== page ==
JOURNEY INTO FEAR
(director: Norman Foster (and Orson Welles-uncredited); screenwriter: Joseph Cotton/Orson Welles/from the novel by Eric Ambler; cinematographer: Karl Struss; editor: Mark Robson; music: Roy Webb; cast: Joseph Cotton (Howard Graham), Dolores Del Rio (Josette Martel), Orson Welles (Col. Haki), Ruth Warrick (Stephanie Graham), Agnes Moorehead (Mrs. Mathews), Everett Sloan (Kopeikin), Jack Moss (Banat), Jack Durant (Gogo), Eustace Wyatt (Dr. Haller), Frank Readick (Mathews), Edgar Barrier (Kuvetli), Stefan Schnabel (Purser), Hans Conreid (Magician); Runtime: 71; RKO; 1943)
“An exciting wartime spy film with film noir overtones.“
Reviewed by Dennis Schwartz
An exciting wartime spy film with film noir overtones. Mr. and Mrs. Howard Graham (Joseph Cotton and Ruth Warrick) stop overnight in Istanbul, where the munitions expert is met in his hotel by his loquacious company representative, Kopeikin (Everett Sloan). The rep is insensitive to Howard’s need to be alone with his wife and takes him along to a nightclub for a good time on the pretext of talking about business. The magician (Hans Conreid) is murdered in the middle of his act and Howard is told by the crime investigator, the imposing Colonel Haki (Orson Welles), the head of the Turkish secret police, that because of his weapon’s expertise the Nazis have sent an assassin by the name of Banat (Jack Moss) to kill him. He’s a portly, unsmiling and grotesque looking man, wearing a trenchcoat and a large brimmed fedora, who strikes an eerie figure peering out of the shadows while following Howard.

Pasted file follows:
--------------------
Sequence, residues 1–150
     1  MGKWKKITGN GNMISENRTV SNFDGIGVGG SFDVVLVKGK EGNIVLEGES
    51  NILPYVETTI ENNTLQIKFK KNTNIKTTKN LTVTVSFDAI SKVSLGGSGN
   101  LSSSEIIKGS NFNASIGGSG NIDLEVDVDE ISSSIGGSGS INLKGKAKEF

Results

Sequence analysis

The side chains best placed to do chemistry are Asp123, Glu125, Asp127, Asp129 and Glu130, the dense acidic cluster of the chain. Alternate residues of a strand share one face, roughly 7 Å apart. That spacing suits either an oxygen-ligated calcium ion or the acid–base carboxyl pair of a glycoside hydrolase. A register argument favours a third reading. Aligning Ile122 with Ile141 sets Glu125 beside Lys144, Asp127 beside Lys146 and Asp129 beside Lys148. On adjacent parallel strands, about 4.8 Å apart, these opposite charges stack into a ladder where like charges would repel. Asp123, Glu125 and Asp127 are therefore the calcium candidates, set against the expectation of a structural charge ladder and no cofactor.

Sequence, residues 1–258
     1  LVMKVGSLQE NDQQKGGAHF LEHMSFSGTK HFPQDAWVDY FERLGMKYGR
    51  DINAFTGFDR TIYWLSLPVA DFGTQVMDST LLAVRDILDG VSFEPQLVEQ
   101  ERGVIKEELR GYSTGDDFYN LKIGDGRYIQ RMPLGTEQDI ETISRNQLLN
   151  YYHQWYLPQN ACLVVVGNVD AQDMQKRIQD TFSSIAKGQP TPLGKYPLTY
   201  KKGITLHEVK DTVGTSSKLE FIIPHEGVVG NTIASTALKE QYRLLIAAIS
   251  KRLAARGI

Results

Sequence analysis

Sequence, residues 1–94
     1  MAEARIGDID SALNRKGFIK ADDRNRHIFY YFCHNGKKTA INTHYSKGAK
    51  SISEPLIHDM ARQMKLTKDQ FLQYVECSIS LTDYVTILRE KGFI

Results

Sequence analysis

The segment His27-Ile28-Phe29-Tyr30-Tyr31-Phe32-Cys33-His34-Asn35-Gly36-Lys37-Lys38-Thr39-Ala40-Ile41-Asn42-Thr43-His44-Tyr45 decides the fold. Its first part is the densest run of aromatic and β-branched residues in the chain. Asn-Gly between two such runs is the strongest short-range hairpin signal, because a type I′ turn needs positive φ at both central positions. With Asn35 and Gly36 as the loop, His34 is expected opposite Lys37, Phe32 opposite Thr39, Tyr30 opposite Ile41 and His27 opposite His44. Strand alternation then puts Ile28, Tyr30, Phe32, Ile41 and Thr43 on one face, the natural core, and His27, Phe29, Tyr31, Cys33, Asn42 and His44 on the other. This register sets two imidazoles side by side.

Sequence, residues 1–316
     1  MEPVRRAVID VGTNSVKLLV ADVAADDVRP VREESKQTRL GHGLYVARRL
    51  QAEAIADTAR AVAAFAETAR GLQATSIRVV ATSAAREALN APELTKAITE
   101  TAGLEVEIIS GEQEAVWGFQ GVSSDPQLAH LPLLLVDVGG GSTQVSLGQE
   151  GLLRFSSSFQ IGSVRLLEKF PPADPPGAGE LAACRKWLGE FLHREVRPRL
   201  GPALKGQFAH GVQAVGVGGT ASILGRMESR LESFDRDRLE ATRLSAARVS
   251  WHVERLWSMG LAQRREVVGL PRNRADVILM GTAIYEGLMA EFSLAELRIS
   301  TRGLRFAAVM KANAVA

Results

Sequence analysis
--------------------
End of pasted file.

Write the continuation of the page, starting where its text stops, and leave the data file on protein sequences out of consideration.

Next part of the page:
Haki figures the best way to safeguard Graham is to smuggle him on a tramp steamship and let his wife journey ahead by train to meet him outside Turkey. On a cramped tub filled with many characters and suspects, Haki sends along a man posing as a Turkish tobacco seller, Kuvetli (Barrier), to secretly protect Graham from Nazi agents Muller and Banat.
This highly atmospheric film was co-scripted by Cotton and Welles from a novel by Eric Ambler. Welles also directed his own scenes and might have also directed other scenes — though Norman Foster is credited as the director. Maybe that’s the reason it’s such a baffling spy story.
Cotton flirts with a sexually forward exotic dancer he met at the club who is now aboard the steamship, Josette (Dolores Del Rio), heading for her next gig. Her dance partner is a professional card player, Gogo (Jack Durant), who is always looking for a sucker to play cards with. He also holds onto his business investment by keeping his dance partner in line, so that she doesn’t run off with some lover.
Warning: spoiler to follow.
In the finale, Cotton is captured by the Gestapo agents but manages to flee along the ledge of his third story hotel room. But the crazed Banat chases after him in the heavy downpour while firing at will, but is unable to see as his glasses become foggy and he slips from the ledge falling to the street.
The film was produced by Welles’ Mercury Theater group.
REVIEWED ON 4/20/2002 GRADE: B-